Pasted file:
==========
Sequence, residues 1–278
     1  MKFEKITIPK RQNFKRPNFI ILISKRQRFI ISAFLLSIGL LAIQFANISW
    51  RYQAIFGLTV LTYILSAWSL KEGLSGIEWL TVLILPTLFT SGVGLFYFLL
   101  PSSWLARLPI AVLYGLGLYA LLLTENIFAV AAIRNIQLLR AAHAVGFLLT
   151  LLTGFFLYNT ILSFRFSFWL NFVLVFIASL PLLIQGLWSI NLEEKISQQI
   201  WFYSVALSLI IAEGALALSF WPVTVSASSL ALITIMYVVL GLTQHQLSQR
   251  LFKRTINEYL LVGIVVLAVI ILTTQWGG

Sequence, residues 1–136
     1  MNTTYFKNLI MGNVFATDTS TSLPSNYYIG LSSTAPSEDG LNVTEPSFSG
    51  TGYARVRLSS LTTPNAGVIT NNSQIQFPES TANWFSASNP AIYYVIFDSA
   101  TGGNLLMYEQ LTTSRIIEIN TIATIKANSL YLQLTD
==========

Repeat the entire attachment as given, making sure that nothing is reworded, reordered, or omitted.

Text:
Sequence, residues 1–278
     1  MKFEKITIPK RQNFKRPNFI ILISKRQRFI ISAFLLSIGL LAIQFANISW
    51  RYQAIFGLTV LTYILSAWSL KEGLSGIEWL TVLILPTLFT SGVGLFYFLL
   101  PSSWLARLPI AVLYGLGLYA LLLTENIFAV AAIRNIQLLR AAHAVGFLLT
   151  LLTGFFLYNT ILSFRFSFWL NFVLVFIASL PLLIQGLWSI NLEEKISQQI
   201  WFYSVALSLI IAEGALALSF WPVTVSASSL ALITIMYVVL GLTQHQLSQR
   251  LFKRTINEYL LVGIVVLAVI ILTTQWGG

Sequence, residues 1–136
     1  MNTTYFKNLI MGNVFATDTS TSLPSNYYIG LSSTAPSEDG LNVTEPSFSG
    51  TGYARVRLSS LTTPNAGVIT NNSQIQFPES TANWFSASNP AIYYVIFDSA
   101  TGGNLLMYEQ LTTSRIIEIN TIATIKANSL YLQLTD